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In Flower this Week

sA weekly news sheet prepared by a Gardens' volunteer.
Numbers in square brackets
[ ] refer to garden bed Sections. Plants in flower are in bold type.

16 October 2009

flower image
Philotheca myoporoides subsp.acuta - click for larger image

Floriade with its dazzling tulips is finished, but the brilliant flowers here in the Botanic Gardens are flourishing. This walk, around and about the buildings, starts outside the Visitors Centre. The pots outside the doors include Darwinia oldfieldii, a small shrub whose stems are clad with tiny foliage and terminal deep red flowers. It is overlooked by Isopogon sp. with large pink flowers.

On Banks Walk, the shrub clad with dense white starry flowers is Philotheca myoporoides subsp. acuta, while beside the Joseph Banks sculpture, Sturt’s Desert Pea, Swainsona formosa [Section 172] continues to bear the renowned large red pea-shaped flowers with dark centres. In a pot is the colourful Rhodanthe chlorocephala subsp. rosea with pink and white papery flower heads. Hardenbergia violacea [Section 210] continues to climb about other shrubs with its purple pea-shaped flowers, while on the side path Boronia megastigma [Section 210] radiates its perfume from its small dark flowers. Nearby, Chorizema cordatum [Section 210] displays its orange-red pea-shaped flowers along its extended stems and the small shrub Hypocalymma robustum [Section 210] bears its tiny pink or cream flowers along the stems. Continuing along Banks Walk, Hibbertia empetrifolia [Section 210] covers the rock wall with its bright yellow open flowers amid dark green foliage. Above is a waratah, Telopea ‘Braidwood Brilliant’ [Section 210] with many red flowers which are not yet completely open. Chamelaucium ‘Cascade Jewel’ [Section 174] bears many waxy mottled pink flowers over the open shrub, while in a pot Actinodium cunninghamii is attractive with its cherry red terminal flower heads trimmed with cream frills.

At each end of the bridge to the café, Richea dracophylla [Section 66,305] stands upright with well arranged tapering leaves, the plants tipped with cream flower spikes. In front of the café Daviesia horrida [Section 245] bears spiky leaves and orange pea flowers with red centres. The Ellis Rowan garden edging the building contains Epacris longiflora [Section 131], its straggling stems bearing slim red tube-shaped flowers with white mouths, while Micromyrtus ciliata [Section 131] clothes its low shrub with tiny white flowers along its arching branches. Take the path to the right for a good view of the floral emblem of NSW, Telopea speciosissima [Section 239], displaying its renowned red terminal flowers on tall stems. Opposite, the large hibiscus-like flowers are those of Alyogyne huegelii [Section 240].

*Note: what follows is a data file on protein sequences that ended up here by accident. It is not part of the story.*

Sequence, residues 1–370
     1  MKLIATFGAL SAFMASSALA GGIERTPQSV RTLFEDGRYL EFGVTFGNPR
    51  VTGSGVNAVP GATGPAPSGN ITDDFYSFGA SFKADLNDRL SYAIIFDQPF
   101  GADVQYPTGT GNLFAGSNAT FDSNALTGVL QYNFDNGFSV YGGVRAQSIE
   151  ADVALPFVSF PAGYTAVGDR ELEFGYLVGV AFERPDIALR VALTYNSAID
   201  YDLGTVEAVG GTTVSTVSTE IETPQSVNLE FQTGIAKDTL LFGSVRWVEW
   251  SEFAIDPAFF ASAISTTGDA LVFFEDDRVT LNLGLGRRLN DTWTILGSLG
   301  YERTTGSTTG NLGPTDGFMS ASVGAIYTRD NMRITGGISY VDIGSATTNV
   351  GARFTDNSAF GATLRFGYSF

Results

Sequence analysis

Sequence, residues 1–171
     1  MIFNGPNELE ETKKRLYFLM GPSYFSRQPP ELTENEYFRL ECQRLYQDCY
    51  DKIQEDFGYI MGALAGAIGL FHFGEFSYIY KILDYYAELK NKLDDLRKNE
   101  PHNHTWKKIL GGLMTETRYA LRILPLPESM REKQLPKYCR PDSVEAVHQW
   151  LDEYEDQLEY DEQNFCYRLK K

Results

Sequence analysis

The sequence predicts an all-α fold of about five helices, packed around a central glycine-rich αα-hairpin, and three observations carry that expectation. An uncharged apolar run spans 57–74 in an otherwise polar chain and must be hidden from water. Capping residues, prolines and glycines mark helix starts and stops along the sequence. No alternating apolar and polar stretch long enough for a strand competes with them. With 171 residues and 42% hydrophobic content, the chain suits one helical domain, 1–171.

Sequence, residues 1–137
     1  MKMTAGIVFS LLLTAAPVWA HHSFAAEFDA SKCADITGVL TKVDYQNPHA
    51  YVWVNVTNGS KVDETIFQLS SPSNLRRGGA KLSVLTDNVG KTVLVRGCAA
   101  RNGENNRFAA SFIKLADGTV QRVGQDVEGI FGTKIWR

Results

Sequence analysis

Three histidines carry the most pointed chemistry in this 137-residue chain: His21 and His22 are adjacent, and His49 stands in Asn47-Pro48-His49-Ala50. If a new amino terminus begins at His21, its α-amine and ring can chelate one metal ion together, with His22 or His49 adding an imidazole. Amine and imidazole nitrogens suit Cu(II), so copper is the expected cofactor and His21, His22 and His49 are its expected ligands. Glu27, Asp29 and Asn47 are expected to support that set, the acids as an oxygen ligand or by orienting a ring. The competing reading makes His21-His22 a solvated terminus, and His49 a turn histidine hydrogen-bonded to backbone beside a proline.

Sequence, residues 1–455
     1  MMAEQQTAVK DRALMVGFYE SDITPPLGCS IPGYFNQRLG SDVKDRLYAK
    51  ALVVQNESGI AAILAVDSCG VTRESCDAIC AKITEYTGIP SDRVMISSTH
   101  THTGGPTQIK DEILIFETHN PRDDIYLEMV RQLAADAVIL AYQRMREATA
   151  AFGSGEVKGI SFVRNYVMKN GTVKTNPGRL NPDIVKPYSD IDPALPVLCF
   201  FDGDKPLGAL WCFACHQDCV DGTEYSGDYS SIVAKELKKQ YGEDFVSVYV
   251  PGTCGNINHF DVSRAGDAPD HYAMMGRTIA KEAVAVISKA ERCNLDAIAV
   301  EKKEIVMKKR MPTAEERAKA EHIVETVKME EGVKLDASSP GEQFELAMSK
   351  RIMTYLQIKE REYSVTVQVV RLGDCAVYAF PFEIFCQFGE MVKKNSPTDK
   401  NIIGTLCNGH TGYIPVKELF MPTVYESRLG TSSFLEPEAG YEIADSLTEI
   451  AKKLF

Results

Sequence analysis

Returning to the corner of the building continue to the right to view plants including Acacia lineata [Section 143], a dense dwarf wattle yellow with small fluffy flower balls, Grevillea aquifolium [Section 143], an upright shrub with short greenish toothbrush flowers and the Common Net Bush, Calothamnus quadrifidus [Section 12] with droopy red feathery flower clusters.

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Calothamnus quadrifidus- click for larger image
To view some orchids, return to the café and take the road on the far side which edges the Rainforest. On the rocks are Dendrobium falcorostrum [Section 125] which has short pseudobulbs and large cream floral sprays and Dendrobium kingianum [Section 125] which has sprays of small loose pink flowers. There are also the large King or Rock Orchids, Dendrobium speciosum [Section 125] with longer pseudobulbs and large thick, leathery leaves, and large cream perfumed floral sprays. The hot house contains many other orchids to admire.

Such flowers to enjoy in these wonderful gardens … Barbara Daly.




















Updated 19 October, 2009 , webmaster, ANBG (anbg-info@anbg.gov.au)